"We don't want to have a federal auto insurance policy, [or] one homeowners insurance policy," she said. Under the AIA's proposal, each state would retain the power to determine licensing issues and solvency issues, including the continued control of state guaranty funds. The AIA recognizes that state guaranty funds and the taxes that insurers pay are a tremendous source of income for the states. "We didn't want to see a drain on state revenues," Pusey said. The goal of giving insurers the option of federal oversight would be to streamline business operations for companies that do business on a national or global level, she said.

Technology creates another concern. The Internet has produced a real-time, global insurance marketplace. Streamlining the regulatory process "becomes more critical as more business is done via the Web, via the Internet, where it's harder to regulate across state lines," the ABIA's Climo said.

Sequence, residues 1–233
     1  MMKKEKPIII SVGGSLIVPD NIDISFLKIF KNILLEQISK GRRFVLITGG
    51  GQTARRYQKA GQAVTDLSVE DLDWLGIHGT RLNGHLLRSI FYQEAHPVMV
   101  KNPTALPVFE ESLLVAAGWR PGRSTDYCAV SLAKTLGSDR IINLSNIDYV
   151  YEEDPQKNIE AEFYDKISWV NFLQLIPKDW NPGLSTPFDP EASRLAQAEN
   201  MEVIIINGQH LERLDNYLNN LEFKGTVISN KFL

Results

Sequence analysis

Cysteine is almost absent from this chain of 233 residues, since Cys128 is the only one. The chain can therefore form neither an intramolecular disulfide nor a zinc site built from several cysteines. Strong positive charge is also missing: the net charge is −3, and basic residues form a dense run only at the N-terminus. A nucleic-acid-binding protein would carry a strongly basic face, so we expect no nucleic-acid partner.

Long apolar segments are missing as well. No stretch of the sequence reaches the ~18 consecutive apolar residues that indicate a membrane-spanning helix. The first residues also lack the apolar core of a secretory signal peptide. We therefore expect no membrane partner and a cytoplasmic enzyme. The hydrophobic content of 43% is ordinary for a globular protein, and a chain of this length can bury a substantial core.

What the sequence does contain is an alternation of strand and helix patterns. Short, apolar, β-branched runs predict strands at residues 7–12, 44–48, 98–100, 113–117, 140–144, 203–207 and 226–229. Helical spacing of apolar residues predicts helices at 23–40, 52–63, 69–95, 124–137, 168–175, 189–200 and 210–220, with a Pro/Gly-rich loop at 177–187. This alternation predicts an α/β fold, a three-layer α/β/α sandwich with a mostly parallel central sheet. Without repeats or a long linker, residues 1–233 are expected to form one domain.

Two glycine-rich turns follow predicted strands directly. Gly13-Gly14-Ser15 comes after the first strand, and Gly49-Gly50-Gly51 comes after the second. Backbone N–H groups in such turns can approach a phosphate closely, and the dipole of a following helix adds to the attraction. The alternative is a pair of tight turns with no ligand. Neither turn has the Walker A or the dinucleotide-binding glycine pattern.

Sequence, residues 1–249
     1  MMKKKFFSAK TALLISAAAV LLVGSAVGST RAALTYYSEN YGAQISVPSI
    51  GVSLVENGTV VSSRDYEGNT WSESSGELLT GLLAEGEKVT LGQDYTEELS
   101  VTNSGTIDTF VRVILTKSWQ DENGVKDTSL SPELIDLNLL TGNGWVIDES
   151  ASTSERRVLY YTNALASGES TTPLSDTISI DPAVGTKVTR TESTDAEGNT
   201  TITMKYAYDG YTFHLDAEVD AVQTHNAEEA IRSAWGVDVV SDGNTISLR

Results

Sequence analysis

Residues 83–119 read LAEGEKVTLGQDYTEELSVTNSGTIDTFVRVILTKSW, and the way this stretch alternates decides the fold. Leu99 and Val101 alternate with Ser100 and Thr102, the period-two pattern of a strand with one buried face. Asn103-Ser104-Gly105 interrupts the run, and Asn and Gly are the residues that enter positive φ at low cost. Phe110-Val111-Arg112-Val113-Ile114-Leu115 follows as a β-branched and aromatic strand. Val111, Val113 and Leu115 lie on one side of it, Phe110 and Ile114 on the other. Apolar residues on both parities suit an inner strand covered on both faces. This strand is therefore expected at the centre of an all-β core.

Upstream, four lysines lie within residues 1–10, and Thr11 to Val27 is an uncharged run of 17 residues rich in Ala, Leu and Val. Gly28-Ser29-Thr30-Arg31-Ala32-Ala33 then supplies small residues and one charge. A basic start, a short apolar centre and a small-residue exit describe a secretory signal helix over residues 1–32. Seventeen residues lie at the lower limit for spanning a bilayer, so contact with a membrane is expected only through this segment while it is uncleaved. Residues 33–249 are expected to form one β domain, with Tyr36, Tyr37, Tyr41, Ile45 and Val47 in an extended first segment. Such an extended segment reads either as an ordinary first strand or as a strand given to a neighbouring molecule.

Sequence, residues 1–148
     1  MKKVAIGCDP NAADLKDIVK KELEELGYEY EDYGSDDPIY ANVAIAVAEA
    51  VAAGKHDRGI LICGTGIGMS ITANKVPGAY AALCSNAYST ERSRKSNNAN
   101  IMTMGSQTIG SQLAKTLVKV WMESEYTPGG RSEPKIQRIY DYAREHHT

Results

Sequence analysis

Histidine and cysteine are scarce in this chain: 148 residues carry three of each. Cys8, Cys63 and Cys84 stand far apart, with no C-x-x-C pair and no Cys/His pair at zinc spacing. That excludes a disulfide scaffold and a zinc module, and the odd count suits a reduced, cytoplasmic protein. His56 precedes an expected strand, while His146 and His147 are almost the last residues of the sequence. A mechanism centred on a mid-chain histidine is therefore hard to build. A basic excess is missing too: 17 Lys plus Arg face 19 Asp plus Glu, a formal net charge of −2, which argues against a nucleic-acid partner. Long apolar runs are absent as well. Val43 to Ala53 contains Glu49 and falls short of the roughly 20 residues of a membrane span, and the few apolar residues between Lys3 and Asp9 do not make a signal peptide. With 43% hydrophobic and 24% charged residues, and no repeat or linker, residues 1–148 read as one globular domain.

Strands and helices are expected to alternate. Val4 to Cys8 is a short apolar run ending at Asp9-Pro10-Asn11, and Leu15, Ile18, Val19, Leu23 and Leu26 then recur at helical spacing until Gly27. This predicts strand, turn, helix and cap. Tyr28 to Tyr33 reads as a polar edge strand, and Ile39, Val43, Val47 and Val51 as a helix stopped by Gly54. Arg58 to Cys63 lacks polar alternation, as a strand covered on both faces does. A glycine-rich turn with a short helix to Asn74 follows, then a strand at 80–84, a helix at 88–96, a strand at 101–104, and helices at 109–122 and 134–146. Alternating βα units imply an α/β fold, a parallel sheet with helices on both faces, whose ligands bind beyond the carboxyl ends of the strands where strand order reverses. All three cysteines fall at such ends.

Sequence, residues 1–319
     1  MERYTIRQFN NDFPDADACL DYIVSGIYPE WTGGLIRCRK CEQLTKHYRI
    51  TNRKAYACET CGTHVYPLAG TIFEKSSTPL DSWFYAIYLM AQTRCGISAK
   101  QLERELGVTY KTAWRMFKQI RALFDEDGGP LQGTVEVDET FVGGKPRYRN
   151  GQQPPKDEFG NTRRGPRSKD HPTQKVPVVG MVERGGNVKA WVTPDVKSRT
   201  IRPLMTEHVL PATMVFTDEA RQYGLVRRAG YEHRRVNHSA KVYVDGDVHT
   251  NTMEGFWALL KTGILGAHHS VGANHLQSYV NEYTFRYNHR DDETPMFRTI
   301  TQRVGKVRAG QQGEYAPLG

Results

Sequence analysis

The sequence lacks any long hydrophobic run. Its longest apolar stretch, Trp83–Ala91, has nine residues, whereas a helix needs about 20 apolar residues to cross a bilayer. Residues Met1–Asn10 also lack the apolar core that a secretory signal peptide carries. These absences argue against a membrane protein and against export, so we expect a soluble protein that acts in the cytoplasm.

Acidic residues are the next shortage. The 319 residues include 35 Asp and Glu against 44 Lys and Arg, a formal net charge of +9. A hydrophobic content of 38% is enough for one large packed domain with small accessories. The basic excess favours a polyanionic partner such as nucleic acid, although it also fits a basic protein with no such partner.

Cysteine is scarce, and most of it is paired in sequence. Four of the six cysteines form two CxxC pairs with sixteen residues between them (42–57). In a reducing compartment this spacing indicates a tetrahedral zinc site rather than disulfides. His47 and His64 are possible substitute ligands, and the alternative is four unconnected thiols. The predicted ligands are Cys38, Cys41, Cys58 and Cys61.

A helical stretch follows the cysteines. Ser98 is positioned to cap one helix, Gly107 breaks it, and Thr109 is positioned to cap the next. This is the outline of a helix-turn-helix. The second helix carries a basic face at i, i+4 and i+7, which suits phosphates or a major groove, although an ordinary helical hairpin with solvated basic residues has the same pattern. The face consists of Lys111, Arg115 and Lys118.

But many of the state insurance departments have outdated computer systems, and they just can't keep up with what's going on in the marketplace--technologically or otherwise.

"I think we're at a time now where the marketplace will really demonstrate the need for reform," Pusey said.

Telltale Signs

Ask supporters of the federal charter option how the state-based regulatory system has let down the insurance industry and they quickly produce examples: Martin Frankel, Reliance Insurance Co. and terrorism reinsurance, to name a few.

"We look at the demise of Reliance as a great example of how the system does not work effectively," said Ken Crerar, president of the Council of Insurance Agents and Brokers. The insolvency of Reliance Insurance Co. has been called the largest the United States has seen to date. At the time the Pennsylvania insurance department placed the company in liquidation, it was reported that Reliance had total admitted assets of $8.8 billion and liabilities of $9.9 billion--a shortfall of $1.1 billion.